Use dtf for Documentation Consistency Testing

dtf provides tools to define testable parameters for documentation and verify that documentation is correct and well formed. To test documentation, users define two components:

  • a “case”, or Python module that defines the parameters of the test, and implements the test itself.
  • a “test” or YAML file/document that defines inputs to the test, including the files, and any other required meta data.

Users can define multiple tests and cases as needed, though typically users will define a handful of cases and a much larger number of tests. Goals of dtf are:

  • to make conditions (i.e. tests) easy to define for technical writers and documentation maintainers, without needing to write code.
  • to help documentation teams encode a style and verify adherence automatically without relying on individuals to police all aspects of editorial style.
  • to automate checking of various internal dependencies to help make larger multi-file resources manageable.

Continue reading for a description of the use and implementation of dtf in your projects.


Install using pip. The process resembles the following:

cd ~/
git clone git://
cd ~/dtf
python bdist
sudo pip install dist/dtf-*

dtf should now be accessible in your system path, as dtf.

In your project you will want to create two directories, named case/, for case modules, and test/, for test definitions.

Command Line Operation

This section describes various invocations of the dtf program:

Running A Collection of Tests

By default, dtf will look for case modules in the case/ sub-directory of the current directory and test definition in the test/ sub-directory of the current directory, and run all available tests. In this mode, simply issue the following command:


You can change the default directory by passing the following options on the command line:

dtf --casedir buildscripts/dtf/ --testdir t/

Alternately, you can use the following short form options:

dtf -c buildscripts/dtf/ -t t/

Running A Single Test

Optionally, you can run a single test case. Toggle this mode by passing --single or -s to dtf. Consider the following invocations:

dtf --single --casedef buildscripts/dtf/ --yamltest t/equality_test0.yaml

In short form, you can express this as:

dtf -s -d buildscripts/dtf/ -y t/equality_test0.yaml

Additional Options

Combine any of the above dtf invocations with the following three behavioral options:

--vebose, -v

When set, dtf will output the result of all test validation and all passing and failing tests. Off by default.

--fatal, -f

When set, dtf will raise an exception (and terminate operation,) if a test fails. Useful for large test suites and rapid development cycles.

--passing, -p

If implemented, a passing method tests will return a passing document. See in the dtf source repository for an example of this implementation.

Writing Case Modules

All tests have a type field that specifies which case module to use when running the test. The name of your case module should correspond identically to this type declaration.

When running a test, dtf calls the the main() method from the case module, and passes two arguments: the name of the case (string) and the entire case as read from the YAML specification as a dictionary.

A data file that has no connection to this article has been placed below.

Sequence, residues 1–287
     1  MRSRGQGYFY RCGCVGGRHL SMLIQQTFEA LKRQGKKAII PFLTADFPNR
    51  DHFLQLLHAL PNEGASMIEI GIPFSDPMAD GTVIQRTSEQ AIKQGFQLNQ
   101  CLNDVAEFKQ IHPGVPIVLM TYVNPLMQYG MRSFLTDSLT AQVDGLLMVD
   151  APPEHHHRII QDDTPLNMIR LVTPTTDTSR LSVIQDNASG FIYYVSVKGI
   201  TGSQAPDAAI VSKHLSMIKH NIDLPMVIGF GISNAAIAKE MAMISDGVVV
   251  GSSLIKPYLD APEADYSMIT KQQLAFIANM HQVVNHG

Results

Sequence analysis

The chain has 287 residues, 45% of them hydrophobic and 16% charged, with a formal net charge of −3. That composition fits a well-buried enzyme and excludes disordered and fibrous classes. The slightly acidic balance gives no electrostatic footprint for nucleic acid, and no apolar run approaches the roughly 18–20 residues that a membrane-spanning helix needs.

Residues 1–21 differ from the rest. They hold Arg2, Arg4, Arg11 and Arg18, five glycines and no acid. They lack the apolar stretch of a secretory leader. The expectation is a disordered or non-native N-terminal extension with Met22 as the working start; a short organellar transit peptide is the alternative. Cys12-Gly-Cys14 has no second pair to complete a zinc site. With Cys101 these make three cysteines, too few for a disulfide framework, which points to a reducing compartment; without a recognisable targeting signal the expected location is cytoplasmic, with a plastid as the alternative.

Strictly speaking, as long as main() runs a test using these archives, the implementation is not important. However, the DtfCase class provides a number of useful tools for writing cases. You can read the dtf source to get a better idea of the available tools. Consider the following example:

from cases import DtfCase

class DtfEquality(DtfCase):
    def test(self):
        if['value0'] ==['value1']:
            r = True
            msg = ('[%s]: "%s" %s successful! %s equals %s'
                   % (,['name'], 'equality test',['value0'],['value1']))
            r = False
            msg = ('[%s]: "%s" %s failed! %s does not equal %s'
                   % (,['name'], 'equality test',['value0'],['value1']))

        return r, msg

def main(name, case):
    c = DtfEquality(name, case)
    c.required_keys(['name', 'type', 'value0', 'value1'])

The best way to implement a test case is to subclass DtfCase and implement the test() method on this class. test() should return a tuple, that contains a boolean reflecting the test’s success or failure, and a message that dtf should return (if needed) regarding the test’s output. The above main() method:

  • creates an object (c) of the previously defined DtfEquality class, passing in the test name and object.
  • calling the required_keys() method to define what top level fields must appear in the test specifications.

While this example is typical, inside of the main, you may call whatever DtfCase methods you like. The default run() method resembles the following:

def run(self):
    self.validate(verbose=VERBOSE, fatal=FATAL)

    t = self.test()
    self.return_value = t[0]

    self.response(result=t[0], msg=t[1], verbose=VERBOSE, fatal=FATAL)

To summarize, run():

- validates the top level keys, as set by ``required_keys()``
  • calls the test() method, defined in the case itself.
  • passes the return value to the objects return_value instance variable and calls the response() method which returns messages as needed, based on the return value of test().

Specifying dtf Tests

The structure of a test definition depends largely on the case module. Define tests in YAML. For example, a basic equality/inequality test might resemble the following:

name: ‘example equality test’ type: equality value0: 1 value1: 1

The DtfCase.validate() method, at present, does not validate documents recursively.